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5 Ways To Teach Kids (And Grownups) About Science (TIME)
By Jeffrey Kluger
It’s a lot easier than you think to teach the hard stuff. Keeping it fun is a good place to start
Few things make a science teacher happier than hearing a child call an idea weird. If you speak fluent child (and a good science teacher does), weird doesn’t mean what it usually means—odd, off-putting. It means interesting, mystifying and deeply, deeply cool.
Google’s Chromebooks Make Up Half of US Classroom Devices (CNBC)
By Harriet Taylor
Google, Microsoft and Apple have been competing for years in the very lucrative education technology market. For the first time, Google has taken a huge lead over its rivals.
Chromebooks now make up more than half of all devices in U.S. classrooms, up from less than 1 percent in 2012, according to a new report from Futuresource Consulting. To analysts, this comes as a big surprise.
School Internet Access Shows Big Progress, New Report Shows (Education Week)
By Benjamin Herold
The number of students without adequate Internet connections in school has been cut in half over the past two years, according to a new analysis by the broadband-advocacy group EducationSuperHighway.
During the same period, the rate most districts pay for bandwidth has also declined by 50 percent, the group found.
Study: Millennials Spend More Than 3 Hours A Day On Mobile Phones (THE Journal)
By Rhea Kelly
The average U.S. millennial (aged 16-30) with Internet access spends 3.1 hours a day on a mobile phone — totaling 21.7 hours a week or 1,128 hours (47 days) a year, according to a new study from global research consultancy TNS. The annual Connected Life study surveys more than 60,000 Internet users across 50 countries on their digital attitudes and behaviors.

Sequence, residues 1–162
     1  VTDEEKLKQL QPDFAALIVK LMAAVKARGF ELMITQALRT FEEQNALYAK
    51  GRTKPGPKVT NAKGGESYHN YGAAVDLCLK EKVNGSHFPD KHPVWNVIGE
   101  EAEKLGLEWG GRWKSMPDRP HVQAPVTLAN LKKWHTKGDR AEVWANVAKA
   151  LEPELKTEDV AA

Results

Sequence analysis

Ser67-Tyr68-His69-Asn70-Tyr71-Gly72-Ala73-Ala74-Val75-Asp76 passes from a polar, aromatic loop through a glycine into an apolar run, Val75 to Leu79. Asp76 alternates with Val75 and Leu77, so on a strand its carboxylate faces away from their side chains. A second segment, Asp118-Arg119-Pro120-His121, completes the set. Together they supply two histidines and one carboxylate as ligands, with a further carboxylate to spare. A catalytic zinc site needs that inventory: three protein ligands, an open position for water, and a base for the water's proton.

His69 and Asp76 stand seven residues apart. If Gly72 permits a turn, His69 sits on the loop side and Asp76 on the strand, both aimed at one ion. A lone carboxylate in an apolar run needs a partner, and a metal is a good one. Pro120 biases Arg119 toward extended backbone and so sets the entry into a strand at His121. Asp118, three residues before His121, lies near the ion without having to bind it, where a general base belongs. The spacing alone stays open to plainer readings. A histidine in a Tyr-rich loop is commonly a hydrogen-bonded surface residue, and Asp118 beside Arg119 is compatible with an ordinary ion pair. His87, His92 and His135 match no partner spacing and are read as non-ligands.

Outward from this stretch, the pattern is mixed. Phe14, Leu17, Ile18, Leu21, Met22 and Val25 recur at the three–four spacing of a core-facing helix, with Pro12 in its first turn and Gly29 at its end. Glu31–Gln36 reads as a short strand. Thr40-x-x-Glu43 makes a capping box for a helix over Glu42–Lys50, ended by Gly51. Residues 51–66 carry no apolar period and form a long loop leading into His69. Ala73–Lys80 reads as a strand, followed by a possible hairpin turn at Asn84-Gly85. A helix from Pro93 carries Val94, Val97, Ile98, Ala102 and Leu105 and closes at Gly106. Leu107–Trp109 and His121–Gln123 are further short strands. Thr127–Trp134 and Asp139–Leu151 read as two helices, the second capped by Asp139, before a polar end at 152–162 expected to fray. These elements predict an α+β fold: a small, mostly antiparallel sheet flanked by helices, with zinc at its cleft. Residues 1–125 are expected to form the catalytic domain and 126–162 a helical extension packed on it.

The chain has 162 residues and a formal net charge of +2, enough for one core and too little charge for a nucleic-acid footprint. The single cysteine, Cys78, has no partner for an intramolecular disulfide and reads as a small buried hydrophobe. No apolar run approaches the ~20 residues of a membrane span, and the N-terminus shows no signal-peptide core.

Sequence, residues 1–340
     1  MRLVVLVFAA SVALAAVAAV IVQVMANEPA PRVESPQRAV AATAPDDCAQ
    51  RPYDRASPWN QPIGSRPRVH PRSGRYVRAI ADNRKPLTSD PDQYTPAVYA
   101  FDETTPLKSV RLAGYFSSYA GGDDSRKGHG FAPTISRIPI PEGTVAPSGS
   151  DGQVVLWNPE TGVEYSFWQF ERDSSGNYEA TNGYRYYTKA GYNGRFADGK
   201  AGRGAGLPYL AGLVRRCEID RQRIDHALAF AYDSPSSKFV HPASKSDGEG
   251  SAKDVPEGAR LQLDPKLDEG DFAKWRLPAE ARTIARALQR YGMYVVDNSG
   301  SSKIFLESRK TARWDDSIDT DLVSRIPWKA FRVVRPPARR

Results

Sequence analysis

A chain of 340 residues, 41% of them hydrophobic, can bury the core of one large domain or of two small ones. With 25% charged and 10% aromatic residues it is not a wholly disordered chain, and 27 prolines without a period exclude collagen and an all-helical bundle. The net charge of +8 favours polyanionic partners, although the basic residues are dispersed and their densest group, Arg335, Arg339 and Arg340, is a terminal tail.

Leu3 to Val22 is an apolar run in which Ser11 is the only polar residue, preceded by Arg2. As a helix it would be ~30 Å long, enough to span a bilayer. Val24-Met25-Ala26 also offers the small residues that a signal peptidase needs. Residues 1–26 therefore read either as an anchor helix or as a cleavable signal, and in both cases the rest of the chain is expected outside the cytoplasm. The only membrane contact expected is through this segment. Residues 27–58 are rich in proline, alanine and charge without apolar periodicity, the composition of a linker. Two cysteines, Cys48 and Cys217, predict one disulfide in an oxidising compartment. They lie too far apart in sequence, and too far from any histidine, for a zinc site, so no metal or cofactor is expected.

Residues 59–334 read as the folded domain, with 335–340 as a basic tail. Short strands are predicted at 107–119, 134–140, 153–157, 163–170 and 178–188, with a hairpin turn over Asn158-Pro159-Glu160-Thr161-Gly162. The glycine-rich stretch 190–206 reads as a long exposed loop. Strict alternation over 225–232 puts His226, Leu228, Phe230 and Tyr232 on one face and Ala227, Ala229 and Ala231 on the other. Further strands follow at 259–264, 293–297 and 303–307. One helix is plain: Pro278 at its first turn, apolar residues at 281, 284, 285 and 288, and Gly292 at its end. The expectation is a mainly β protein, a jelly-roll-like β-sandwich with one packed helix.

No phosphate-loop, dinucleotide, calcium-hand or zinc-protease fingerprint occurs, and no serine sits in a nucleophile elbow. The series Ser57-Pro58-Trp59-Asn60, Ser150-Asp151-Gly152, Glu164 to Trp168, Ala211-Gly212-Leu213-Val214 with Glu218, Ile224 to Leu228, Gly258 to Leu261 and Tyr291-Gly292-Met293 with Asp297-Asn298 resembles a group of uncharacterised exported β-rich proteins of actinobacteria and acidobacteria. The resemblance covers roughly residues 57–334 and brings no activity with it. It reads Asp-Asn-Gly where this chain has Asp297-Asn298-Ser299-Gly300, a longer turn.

What, And How, Do Rural Teens Want To Read? (Education Week)
By Jackie Mader
At a time when schools are increasingly turning to digital devices to deliver content to students, a small, recently released study of rural teens says that print is the most desired medium for reading material in some rural areas, unlike the preferences of urban teens.
To Measure What Tests Can’t, Some Schools Turn To Surveys (NPR)
Last year, Susan Avey, the principal of Bogle Junior High School in Chandler, Ariz., had a heart-to-heart with one of her new teachers about how he was relating to students.
In a previous year, this might have been a conversation based on subjective impressions. The teacher might have gotten defensive. But this year, Avey had a new tool up her sleeve: a survey of her students.
Growing Push to Expose More Students to Computer Science (ABC News)
Moving her finger over the laptop trackpad, 6-year-old Lauren Meek drags and drops a block of code to build a set of instructions. She clicks the “run” button and watches as the character moves through a maze. She then pumps her fist in excitement.